A recent paper by Lindsay Krall, Allison Macfarlane, and Rodney Ewing has garnered a great deal of attention:
The paper claims that small modular reactors (SMRs) will generate waste streams that are disproportionately large relative to larger reactors, and that overall, the SMR technical approach is inferior to the approach we’ve taken today. I’m sure that no one will be surprised to learn that various media outlets have seized upon this paper to paint the entire small modular nuclear reactor effort as somehow fundamentally flawed.
The typical media outlet relishes any opportunity to paint nuclear fission energy in a negative light and so has responded with glee to the claims made in the paper without any effort to challenge them and to discover if they are, in fact, true across the board. I can only contrast this with the assertive effort they undertake to challenge any negative claim made against wind or solar energy.
The published paper mentions five different molten-salt reactor designs: Seaborg, Terrestrial Energy, FUJI, ThorCon, and Moltex all make it into their paper. I found it particularly interesting that this study omits the work that Flibe Energy has done on its lithium-fluoride thorium reactor (LFTR) design. Flibe Energy is the oldest MSR company, incorporated in 2011, and the one that has a design most derivative of the work done on the Oak Ridge Molten-Salt Reactor Program from 1957 to 1976. Flibe’s LFTR uses the same basic triad of materials at the MSRP anticipated: Li2BeF4 salt, graphite moderator, and Hastelloy-N structures. The LFTR also uses an improved version of the thorium fuel cycle. And Flibe’s design is by far the most “American” of all the MSR concepts reviewed in this report.
It’s not as if the authors have not had any exposure to the LFTR concept, since I briefed a panel of the National Academy of Sciences on our LFTR design on January 13, 2021, and it included two of the authors on this PNAS study, Alison Macfarlane and Rod Ewing.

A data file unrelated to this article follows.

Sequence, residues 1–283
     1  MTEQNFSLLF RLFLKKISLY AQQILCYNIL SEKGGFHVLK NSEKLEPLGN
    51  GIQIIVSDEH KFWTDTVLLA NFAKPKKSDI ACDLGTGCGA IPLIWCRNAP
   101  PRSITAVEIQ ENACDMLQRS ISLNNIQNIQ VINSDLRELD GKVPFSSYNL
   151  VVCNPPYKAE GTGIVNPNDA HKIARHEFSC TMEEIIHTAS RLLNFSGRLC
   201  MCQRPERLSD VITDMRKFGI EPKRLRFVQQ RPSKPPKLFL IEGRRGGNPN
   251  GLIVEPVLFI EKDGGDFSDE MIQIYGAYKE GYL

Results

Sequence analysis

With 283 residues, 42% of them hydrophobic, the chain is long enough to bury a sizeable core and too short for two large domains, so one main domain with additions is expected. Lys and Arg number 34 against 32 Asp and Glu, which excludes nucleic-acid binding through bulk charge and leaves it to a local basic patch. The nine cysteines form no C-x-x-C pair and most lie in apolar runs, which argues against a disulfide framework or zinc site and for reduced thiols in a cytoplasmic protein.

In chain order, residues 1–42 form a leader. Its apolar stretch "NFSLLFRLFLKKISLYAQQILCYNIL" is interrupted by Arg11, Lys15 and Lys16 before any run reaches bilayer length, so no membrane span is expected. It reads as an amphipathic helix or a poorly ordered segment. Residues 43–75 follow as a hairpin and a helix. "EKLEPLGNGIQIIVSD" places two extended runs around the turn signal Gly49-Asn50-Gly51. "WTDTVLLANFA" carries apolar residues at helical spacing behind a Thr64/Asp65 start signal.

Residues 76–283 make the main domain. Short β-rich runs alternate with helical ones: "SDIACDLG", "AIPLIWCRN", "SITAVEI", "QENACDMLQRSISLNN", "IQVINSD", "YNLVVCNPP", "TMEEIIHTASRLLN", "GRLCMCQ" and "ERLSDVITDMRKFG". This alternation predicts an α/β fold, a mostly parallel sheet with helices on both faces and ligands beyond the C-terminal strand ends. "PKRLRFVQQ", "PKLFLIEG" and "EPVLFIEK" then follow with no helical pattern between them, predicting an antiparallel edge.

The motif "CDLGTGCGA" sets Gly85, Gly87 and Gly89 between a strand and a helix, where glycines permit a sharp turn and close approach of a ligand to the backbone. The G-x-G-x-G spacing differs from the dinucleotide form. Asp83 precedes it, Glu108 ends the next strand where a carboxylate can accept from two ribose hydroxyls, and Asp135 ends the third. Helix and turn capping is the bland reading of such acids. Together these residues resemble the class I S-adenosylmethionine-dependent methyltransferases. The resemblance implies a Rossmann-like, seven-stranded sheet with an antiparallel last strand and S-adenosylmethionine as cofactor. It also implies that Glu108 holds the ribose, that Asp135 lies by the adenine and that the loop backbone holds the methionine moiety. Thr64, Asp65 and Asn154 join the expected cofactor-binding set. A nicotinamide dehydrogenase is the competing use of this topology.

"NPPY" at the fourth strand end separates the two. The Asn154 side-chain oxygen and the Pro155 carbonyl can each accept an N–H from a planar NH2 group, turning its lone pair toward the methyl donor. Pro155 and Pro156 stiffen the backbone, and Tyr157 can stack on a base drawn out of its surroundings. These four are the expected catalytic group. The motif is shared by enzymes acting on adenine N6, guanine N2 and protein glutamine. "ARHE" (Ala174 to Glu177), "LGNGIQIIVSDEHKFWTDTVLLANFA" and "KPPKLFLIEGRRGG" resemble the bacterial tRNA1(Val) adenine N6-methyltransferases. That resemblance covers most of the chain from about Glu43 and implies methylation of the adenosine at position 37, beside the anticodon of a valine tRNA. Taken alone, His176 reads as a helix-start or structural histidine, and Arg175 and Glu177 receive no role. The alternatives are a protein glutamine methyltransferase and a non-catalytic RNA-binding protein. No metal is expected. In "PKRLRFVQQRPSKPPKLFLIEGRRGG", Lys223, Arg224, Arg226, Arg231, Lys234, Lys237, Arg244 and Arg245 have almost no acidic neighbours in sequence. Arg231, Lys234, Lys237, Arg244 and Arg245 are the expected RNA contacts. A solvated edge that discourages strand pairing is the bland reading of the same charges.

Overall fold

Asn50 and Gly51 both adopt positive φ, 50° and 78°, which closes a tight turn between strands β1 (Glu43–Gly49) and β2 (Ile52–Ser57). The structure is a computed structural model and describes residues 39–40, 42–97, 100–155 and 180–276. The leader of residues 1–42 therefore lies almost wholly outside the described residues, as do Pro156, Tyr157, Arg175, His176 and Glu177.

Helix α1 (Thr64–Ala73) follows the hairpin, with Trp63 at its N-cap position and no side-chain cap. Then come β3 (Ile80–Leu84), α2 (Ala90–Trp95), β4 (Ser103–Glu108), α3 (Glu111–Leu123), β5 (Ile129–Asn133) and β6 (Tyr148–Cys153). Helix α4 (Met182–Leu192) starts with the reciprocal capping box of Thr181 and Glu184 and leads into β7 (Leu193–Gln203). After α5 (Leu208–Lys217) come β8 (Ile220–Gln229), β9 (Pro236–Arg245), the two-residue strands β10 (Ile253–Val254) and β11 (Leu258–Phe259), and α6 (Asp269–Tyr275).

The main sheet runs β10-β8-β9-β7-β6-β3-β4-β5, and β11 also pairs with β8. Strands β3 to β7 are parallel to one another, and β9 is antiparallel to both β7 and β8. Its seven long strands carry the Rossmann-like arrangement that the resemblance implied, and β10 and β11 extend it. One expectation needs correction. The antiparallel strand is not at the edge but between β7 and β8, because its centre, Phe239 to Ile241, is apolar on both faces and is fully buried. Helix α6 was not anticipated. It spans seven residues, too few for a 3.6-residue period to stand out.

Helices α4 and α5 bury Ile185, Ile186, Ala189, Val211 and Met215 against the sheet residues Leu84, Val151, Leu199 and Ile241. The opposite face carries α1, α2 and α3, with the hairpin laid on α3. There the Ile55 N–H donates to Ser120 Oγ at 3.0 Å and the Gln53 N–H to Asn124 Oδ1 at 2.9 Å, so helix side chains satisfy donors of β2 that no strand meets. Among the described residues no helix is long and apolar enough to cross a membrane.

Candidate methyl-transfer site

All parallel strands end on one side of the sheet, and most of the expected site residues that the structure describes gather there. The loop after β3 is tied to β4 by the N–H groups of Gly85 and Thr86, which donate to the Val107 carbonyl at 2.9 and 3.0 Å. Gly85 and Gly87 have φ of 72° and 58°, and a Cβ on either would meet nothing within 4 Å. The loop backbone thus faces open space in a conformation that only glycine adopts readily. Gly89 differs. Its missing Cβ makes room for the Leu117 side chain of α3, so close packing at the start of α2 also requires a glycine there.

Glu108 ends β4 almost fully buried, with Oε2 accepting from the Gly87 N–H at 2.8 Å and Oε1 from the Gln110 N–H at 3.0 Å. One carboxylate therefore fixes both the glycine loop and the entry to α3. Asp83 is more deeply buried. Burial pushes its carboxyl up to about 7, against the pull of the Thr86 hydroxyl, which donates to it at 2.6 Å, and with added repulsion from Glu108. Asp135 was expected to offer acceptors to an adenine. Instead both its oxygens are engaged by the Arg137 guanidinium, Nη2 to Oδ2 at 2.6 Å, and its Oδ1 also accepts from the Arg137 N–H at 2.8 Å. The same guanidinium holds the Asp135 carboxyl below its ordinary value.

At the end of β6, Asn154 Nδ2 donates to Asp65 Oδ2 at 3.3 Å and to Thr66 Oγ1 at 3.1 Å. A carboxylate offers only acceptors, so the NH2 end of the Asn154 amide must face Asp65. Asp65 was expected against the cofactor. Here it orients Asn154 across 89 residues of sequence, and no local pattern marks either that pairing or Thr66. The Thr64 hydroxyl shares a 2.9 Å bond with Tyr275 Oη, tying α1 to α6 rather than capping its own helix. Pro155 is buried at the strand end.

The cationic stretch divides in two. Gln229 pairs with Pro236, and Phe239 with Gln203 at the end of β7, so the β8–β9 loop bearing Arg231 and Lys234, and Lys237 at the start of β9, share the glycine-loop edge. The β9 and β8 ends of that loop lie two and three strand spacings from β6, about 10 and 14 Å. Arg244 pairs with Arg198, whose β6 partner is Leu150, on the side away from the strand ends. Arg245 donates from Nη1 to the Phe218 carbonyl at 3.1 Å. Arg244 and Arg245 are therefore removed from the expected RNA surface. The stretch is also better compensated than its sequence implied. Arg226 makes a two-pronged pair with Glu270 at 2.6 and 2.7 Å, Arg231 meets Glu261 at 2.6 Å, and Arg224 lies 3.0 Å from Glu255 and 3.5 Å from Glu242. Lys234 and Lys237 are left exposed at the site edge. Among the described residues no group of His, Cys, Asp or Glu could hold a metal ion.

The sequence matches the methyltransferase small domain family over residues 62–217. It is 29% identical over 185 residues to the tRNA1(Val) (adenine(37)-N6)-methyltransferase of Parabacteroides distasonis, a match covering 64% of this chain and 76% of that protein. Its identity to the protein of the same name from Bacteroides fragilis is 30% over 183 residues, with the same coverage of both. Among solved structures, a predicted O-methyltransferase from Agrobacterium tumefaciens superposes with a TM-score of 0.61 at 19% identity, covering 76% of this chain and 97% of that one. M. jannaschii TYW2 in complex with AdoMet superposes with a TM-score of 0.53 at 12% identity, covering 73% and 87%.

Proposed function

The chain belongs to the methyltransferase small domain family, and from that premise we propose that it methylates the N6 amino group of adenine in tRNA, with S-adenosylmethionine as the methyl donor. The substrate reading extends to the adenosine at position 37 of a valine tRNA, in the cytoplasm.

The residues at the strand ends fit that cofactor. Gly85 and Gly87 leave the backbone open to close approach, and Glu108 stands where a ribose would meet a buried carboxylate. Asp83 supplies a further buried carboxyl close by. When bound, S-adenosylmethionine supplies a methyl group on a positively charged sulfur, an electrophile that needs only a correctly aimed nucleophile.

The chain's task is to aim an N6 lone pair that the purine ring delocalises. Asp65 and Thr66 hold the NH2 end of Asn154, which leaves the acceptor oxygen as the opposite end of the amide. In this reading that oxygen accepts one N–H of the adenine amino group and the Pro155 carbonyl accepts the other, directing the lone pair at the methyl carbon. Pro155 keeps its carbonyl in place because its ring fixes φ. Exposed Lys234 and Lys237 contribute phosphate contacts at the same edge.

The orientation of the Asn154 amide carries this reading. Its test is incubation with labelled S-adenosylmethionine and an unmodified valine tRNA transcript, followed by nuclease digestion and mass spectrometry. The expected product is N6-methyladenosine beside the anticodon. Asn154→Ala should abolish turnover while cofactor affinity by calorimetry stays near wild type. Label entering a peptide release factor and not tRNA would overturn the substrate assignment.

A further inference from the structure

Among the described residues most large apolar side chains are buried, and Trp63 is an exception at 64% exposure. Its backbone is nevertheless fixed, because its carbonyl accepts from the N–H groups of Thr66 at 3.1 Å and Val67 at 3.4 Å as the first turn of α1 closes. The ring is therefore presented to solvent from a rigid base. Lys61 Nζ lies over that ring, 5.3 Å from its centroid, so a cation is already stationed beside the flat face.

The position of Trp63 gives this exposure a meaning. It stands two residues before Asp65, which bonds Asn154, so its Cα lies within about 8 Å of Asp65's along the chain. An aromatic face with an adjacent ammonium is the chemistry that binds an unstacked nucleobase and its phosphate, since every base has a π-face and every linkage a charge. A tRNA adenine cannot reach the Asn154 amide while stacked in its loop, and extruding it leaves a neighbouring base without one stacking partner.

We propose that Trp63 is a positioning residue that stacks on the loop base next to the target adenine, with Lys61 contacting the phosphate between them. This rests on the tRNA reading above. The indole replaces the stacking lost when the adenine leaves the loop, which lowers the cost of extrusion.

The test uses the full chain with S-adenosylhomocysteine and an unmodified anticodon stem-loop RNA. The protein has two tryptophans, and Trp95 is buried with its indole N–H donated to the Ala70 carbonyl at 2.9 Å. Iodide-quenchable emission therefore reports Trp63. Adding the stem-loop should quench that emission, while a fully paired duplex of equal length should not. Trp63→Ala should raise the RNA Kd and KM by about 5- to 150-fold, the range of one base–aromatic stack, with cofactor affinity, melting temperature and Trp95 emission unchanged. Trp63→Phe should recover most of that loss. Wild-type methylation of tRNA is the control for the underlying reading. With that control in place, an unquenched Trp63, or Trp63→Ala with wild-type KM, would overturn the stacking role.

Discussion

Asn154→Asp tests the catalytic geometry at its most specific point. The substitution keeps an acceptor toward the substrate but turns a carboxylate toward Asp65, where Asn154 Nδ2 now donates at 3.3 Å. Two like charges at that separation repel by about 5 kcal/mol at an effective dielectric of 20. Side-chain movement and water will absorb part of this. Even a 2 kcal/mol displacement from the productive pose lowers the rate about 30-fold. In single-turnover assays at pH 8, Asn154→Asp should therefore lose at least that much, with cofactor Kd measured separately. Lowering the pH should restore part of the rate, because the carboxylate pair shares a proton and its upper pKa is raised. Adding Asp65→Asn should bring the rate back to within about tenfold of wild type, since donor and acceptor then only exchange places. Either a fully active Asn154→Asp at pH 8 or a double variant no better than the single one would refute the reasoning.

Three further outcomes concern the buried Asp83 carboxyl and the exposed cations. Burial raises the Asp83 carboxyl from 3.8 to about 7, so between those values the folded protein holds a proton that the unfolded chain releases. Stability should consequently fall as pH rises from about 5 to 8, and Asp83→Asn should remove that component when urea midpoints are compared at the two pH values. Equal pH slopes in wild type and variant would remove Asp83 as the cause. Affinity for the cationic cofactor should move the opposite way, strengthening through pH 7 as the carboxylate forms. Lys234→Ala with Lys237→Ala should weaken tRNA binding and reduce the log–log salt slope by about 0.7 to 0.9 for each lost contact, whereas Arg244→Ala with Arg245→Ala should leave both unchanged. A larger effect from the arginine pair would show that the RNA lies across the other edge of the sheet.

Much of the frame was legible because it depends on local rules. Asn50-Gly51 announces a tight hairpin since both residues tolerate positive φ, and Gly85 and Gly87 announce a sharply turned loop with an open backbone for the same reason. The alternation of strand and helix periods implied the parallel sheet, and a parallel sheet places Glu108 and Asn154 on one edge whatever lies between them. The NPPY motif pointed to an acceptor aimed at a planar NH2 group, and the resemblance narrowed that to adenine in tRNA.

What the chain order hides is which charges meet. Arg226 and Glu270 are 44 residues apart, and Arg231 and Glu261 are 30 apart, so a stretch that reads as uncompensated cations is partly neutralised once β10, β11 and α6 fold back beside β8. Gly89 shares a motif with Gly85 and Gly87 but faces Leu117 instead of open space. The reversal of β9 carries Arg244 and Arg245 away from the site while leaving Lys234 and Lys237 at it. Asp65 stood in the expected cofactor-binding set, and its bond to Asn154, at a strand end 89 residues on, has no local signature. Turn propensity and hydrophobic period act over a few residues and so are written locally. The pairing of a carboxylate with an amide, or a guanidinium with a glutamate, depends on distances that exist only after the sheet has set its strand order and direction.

Krall, Macfarlane, and Ewing express concern that small modular reactors would have excessive neutronic leakage from their cores that would adversely affect their metallic structural materials. This is a valid concern, but it is a design-specific concern. It is difficult to make the case that this is a concern generic across all small modular reactor types. At Flibe Energy, our lithium-fluoride reactor designs employ a blanket fluid that contains a neutronically-absorptive material. In the LFTR design, this blanket fluid has a large amount of thorium in it, and this thorium productively absorbs neutrons and acts as an “internal radiation shield” for the reactor vessel. This addresses the concern about the neutronic activation of the reactor vessel that was raised in the study. In my presentation to the National Academy of Sciences, I begin addressing the concern about neutronic leakage and neutron activation of structural materials at time 3:50:47.